Using MAX II CPLDs as
Analog Keyboard Encoders
July 2006, Version 1.0
Application Note 426
Keyboard encoders are a very common application for CPLDs. Typically
a processor, ASSP, or ASIC does not have enough pins for keypads or
keyboards. I/O expansion is a very common function for CPLDs and
allows a processor to decode a very large keyboard with very few I/Os.
Even though CPLDs like MAX® and MAX® II may have abundant
low-cost I/Os, decoding a keypad or keyboard with one I/O per switch
is not desirable. The advantage of decoding a keyboard with fewer wires
is that it reduces the number of wires going from a keypad to a main
circuit board or it reduces the complexity of a switch matrix in the
keyboard assembly. This application note explains how the resources of a
MAX II device can be used to decode a very large number of switches in
a keypad or keyboard with only two I/Os and a GND pin. The decoding
approach used works for as few as 4 switches and as many as 48 switches.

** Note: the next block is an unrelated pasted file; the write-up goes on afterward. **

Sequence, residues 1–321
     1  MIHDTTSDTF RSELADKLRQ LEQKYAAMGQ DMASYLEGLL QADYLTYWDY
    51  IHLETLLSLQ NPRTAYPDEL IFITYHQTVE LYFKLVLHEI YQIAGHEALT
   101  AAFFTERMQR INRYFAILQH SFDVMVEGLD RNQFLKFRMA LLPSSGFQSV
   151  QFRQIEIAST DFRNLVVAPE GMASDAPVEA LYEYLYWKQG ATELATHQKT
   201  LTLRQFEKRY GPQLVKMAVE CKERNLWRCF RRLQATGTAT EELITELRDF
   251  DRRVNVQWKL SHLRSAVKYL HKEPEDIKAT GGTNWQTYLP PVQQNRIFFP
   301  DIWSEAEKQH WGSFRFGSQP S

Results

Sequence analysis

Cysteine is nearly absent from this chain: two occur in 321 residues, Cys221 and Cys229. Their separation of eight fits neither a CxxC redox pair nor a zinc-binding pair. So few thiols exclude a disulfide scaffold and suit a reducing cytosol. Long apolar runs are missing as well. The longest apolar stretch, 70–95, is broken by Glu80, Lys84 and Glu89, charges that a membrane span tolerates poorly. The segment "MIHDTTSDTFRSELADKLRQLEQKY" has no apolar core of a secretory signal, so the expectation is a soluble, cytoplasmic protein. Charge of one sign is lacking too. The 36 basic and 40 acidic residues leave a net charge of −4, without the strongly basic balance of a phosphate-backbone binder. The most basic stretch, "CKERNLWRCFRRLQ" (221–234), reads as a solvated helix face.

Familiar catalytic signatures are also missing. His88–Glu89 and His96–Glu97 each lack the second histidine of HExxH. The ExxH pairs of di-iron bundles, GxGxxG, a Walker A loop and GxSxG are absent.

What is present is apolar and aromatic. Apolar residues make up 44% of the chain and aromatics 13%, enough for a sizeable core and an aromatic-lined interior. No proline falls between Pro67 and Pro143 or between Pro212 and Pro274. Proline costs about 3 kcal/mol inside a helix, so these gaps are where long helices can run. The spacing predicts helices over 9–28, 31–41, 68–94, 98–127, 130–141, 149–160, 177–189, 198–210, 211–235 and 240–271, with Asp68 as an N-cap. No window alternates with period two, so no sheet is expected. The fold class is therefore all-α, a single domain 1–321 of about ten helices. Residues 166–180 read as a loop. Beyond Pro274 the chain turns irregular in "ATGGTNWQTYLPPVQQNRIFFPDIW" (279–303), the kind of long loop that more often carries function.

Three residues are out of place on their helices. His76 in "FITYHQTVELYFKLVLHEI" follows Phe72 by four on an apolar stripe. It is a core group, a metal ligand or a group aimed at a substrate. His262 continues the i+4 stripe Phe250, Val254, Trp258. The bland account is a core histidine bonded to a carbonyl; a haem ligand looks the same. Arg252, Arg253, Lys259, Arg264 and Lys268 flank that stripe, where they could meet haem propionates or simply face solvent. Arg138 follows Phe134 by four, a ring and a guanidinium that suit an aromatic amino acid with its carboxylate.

The most common way to encode a switch with a CPLD is by using a
simple circuit that ties one end of the switch to GND and the other terminal
to VCC through a pull-up resistor, typically 10 KΩ. The switch and
resistor node are connected to any CPLD input pin. For a pushbutton
normally-open Single Pole, Single Throw (SPST) switch, the CPLD input
is normally a logic one and is a logic zero when the switch is pressed.
Figure 1 shows the circuit for a simple one CPLD I/O per switch hookup.
You can enhance this circuit by using a Schmitt trigger input buffer
available in the MAX II device. The Schmitt trigger input reduces
switching noise and makes switch debounce easier. Refer to AN 422:
Power Management in Portable Systems Using MAX II CPLDs to learn how
to integrate a power-up and power-down mechanism into the switch